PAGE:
“Both abundance and lack [of abundance] exist simultaneously in our lives, as parallel realities. It is always our conscious choice which secret garden we will tend." - Sarah Ban Breathnach

Tuesday, July 20, 2010

The Exercise Question Revisited

I have to admit -- during my relapse, the amount of exercise I engaged in shrunk to nearly nil.  Just a sporadic bit of yoga, that's all.  And, I think I paid the price.

When I reached the peak of pain and deconditioning, I knew it was time to revisit the question of exercise.

Here's my theory:  Managing pain consumes a lot of energy.  If exercise helps eliminate a lot of my pain, then I would then have that energy at my disposal for fun stuff, like showering or making my bed.  Also, it takes a lot more energy for my deconditioned body to do activities than a body in good condition would.  If I improve my strength and endurance, again I will be making my body more energy efficient.  It seems to me that exercise is an important part of my recovery.

Yet exercise is risky and fills my heart with fear and trepidation.  I know what happens when I do too much too fast.  I would have to proceed with caution.

I decided that exercise needed to find a permanent place in my daily routines.  Recognizing that it has a high energy requirement, I would simply have to scale way back on all my other activities in order to fit it into my energy envelope.

So, I added morning stretches/isometric exercises, modified from the book I have, Pain Free.  I also do yoga before my morning rest.  And, I bought some of those negative heel exercise shoes that I wear all day.

I did feel a push back from it when I started, but it didn't cause an outright crash.  I just had to scale way back on my other activities.  I've adjusted now.  And I've tolerated a slight increase in my morning stretches.  My pain has diminished.  I don't feel like I've made a lot of progress in conditioning, but hello!  Patience, child.

I think I'm on the right track.


Sue Jackson said...

I'm always so impressed by your commitment to mild exercise, Shelli! I have good intentions, but somehow daily life always ends up taking up all my energy.

I came back from vacation feeling pretty good and determined to keep up the walking and hiking I was able to do on our trip. I went out and took a walk around my neighborhood the very first morning after we got home...and that was it! Same old story - just taking care of the basics - laundry, cooking, groceries, etc. takes up all my energy.

You've inspired me again! The kids will be away all next week with their grandparents (a whole week to myself!!), and I will once again attempt some easy exercise.


Renee said...

I have a friend who is around my age...and she has CFS and Lyme, but even at her worst she would go outside and walk for a few minutes...even if that was ALL she could do all day. She did not want to get totally deconditioned. She hs recovered better than me who totally am deconditioned and find myself smiling because I can now for the first time in years walk 2.5 minutes around my house or outside and do it consistently. I am very very slowly increasing it but also do not want to crash. I would love to know if you do specialized yoga for CFS....I truly believe this would help with pain, energy, and even my neuropathy. A friend started it in CA and she said she is sleeping through the night for the first time in years.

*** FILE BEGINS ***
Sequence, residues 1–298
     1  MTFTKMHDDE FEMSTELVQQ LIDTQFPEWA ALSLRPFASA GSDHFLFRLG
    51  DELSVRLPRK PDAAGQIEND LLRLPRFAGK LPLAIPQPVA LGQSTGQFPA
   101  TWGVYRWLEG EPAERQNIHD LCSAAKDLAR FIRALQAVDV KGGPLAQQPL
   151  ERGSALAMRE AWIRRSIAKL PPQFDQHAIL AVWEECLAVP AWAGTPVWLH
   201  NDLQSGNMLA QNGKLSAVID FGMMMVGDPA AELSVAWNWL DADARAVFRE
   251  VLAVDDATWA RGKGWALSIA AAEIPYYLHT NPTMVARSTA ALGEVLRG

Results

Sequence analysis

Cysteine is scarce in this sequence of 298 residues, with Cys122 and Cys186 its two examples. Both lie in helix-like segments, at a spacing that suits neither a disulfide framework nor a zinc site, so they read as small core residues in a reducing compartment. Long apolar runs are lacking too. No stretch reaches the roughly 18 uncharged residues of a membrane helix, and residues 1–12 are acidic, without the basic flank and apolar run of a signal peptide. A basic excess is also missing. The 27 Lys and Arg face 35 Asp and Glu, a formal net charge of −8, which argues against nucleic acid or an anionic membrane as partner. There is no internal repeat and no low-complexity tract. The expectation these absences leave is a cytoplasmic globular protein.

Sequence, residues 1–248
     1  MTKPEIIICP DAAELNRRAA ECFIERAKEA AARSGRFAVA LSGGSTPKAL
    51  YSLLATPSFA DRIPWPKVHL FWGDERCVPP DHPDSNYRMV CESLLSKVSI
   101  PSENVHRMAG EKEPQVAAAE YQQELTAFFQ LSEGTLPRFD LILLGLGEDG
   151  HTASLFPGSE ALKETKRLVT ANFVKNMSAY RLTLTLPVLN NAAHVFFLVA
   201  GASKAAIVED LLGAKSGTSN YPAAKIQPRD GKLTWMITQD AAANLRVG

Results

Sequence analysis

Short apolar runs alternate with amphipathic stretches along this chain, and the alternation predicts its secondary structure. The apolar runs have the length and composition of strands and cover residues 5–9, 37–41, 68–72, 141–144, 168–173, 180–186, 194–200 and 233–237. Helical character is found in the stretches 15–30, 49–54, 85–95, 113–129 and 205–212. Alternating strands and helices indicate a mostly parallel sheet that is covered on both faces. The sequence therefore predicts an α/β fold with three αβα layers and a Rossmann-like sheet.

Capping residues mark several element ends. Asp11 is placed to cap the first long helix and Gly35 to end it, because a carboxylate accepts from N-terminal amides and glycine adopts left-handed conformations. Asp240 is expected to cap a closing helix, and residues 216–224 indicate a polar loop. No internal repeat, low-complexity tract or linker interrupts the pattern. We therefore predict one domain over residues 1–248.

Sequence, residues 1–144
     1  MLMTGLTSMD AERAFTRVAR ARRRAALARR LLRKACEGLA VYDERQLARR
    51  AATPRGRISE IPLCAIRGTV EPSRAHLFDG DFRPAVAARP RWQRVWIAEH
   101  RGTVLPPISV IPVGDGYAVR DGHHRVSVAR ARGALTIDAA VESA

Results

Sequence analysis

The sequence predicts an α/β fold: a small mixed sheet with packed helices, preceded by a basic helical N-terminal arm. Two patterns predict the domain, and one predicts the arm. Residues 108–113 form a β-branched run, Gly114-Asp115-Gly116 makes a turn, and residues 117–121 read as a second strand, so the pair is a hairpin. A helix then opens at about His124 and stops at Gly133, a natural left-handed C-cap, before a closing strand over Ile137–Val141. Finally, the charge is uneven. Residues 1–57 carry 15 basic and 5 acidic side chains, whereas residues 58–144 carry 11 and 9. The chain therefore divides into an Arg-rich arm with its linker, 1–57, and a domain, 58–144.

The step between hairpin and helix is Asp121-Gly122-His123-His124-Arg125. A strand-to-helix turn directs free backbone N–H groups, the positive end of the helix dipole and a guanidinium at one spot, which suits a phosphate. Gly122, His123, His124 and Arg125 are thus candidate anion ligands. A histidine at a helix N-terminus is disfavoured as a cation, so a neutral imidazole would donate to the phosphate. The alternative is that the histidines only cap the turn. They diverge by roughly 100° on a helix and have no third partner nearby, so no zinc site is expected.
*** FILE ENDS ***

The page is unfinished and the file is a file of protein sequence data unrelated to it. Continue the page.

I think it is great that you are taking the time for yourself to do this....In the long run you are helping your family too :)
You go girl!! but go slowly....

Alison said...

I think you're on the right track too. I've been exercising (like Pilates for the elderly) for four months now and it's helped significantly with my muscle pain. It's helped zero with my energy, and some days after I exercise I can't do anything else, but overall it's been worth it to have lessened the pain.

I think my body is more efficient now. Like after I fold and put away laundry, I am still tired from expending the energy, but my legs and back aren't sore.

Have fun showering and making your bed :)

Jo said...

Oh well done you! It's so hard to get into any exercise at all because of the fear of pain and relapse. But if we don't move we get pain from concrete muscles. I stretch when I can. I try to do a whole body stretch routine at least every other day. I can't do it every day because of payback. The stretching helps the pain, but there's a fine line before it causes more pain. Easy does it! I think you are right, it's all about developing good habits.

Forgetful Girl said...

I'm scared of exercising, but your post is kind of encouraging me to do it. A few months back I started to do one minute of going up and down one stair everyday, and I felt a big difference. Need to find the motivation and energy to do it.